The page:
§ 86. Mr. HOUSTON
asked the Prime Minister whether he is aware of the disorganisation and delay to steamers, their movements, and operations, resulting in loss of time and public and private money, and thereby affecting the supply and price of food caused by the Censor or his staff in delaying transmission and delivery of cables sent to shipowners by their captains, agents, or branch houses abroad, and vice versa, in cases and instances where the contents of cables could not possibly be of any use or value to the enemy; whether he is aware that the same delay, inconvenience, and loss appertains to telegrams and letters delayed or held up by the Censor, in many instances causing delay to vessels in Government service and loss of public money; whether he is aware that letters, indents, and documents from captains to their owners in connection with repairs, storing, and efficient working of their steamers are suppressed by the Censor, even when these letters are sent by the captains from such near-by ports as Calais to their owners in London or Liverpool; whether he is aware that even when these documents are passed by the Censor they frequently are so mutilated that they are of no use; and whether he will, in the national interests, see, without waiting, that more intelligence and judgment are displayed by the Censor?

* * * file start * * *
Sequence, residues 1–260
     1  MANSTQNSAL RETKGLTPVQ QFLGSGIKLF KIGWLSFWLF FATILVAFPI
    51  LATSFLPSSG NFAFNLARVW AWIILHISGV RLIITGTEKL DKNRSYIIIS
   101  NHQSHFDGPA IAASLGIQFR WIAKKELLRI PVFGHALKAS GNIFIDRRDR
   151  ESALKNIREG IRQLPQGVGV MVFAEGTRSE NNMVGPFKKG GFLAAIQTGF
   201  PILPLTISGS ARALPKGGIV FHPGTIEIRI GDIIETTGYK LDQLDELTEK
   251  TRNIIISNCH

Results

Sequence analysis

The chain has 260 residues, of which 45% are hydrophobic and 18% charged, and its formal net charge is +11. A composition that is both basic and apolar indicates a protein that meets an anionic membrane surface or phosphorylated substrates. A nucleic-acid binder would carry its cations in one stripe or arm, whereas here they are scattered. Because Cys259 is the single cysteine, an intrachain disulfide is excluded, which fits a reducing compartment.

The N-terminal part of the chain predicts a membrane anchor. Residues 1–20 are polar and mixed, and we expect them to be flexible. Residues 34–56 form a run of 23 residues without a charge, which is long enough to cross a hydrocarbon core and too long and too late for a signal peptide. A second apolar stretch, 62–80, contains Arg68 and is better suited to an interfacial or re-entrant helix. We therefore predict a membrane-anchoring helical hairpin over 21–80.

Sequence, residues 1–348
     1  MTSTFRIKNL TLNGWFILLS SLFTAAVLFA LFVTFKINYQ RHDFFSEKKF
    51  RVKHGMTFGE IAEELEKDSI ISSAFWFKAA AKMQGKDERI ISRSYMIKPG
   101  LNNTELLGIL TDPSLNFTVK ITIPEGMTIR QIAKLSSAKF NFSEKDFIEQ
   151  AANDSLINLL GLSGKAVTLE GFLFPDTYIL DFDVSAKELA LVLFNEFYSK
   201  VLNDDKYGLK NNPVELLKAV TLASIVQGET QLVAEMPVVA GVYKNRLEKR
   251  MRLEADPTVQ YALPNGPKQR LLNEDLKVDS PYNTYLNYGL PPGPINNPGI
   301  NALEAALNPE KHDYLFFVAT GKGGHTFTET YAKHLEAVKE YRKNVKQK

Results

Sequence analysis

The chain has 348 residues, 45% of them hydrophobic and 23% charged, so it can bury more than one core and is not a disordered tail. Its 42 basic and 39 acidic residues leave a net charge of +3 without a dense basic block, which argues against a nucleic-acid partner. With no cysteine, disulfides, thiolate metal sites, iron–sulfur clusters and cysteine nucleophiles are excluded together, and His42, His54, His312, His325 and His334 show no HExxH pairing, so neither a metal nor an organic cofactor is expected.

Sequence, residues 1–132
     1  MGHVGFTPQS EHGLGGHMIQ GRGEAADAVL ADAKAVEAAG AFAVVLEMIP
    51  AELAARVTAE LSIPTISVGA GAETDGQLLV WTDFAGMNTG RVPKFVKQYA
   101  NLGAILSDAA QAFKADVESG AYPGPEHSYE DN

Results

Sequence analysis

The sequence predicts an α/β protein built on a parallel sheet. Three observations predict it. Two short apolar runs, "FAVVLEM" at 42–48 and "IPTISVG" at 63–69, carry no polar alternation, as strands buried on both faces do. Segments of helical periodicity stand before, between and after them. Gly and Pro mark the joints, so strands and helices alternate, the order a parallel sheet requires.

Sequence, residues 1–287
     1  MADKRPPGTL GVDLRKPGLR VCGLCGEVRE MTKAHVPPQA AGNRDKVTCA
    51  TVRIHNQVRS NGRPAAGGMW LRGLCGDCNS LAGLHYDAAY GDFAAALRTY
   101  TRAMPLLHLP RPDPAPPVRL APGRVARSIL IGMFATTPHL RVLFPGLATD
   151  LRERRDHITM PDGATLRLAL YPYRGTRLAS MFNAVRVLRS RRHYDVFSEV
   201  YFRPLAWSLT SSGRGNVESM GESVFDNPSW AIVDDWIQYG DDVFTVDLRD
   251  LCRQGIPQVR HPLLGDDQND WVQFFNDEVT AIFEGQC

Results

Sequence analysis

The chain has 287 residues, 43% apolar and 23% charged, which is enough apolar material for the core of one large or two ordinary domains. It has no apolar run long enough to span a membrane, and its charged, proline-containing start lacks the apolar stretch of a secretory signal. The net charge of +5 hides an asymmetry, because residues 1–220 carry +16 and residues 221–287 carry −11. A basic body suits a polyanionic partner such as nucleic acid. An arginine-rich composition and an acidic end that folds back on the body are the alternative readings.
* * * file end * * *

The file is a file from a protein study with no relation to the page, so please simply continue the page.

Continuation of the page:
§ Mr. FORSTER
I am informed that those who control the censorship are acting in the closest collaboration with the Admiralty, and are as fully impressed as is the hon. Gentleman himself with the vital necessity of preventing any avoidable delay to shipping. No action is taken in regard to telegraphic correspondence concerning shipping except with a view to securing the safety of the vessel, and in regard to shipping documents special arrangements have been made so as to give exceptional facilities to these papers, and so avoid any possibility of unnecessary delay. If any such documents have been mutilated, I shall be glad to be provided with examples for the purposes of inquiry. I feel sure it will be found that the British Censorship is not responsible.
§ Mr. HOUSTON
Is the hon. Gentleman not aware that much of the information regarding steamers' movements which is suppressed by the Censor at the instance of the Admiralty is published broadcast in 1582 neutral newspapers, and that the action of those officials therefore rather resembles that of the struthio camelus?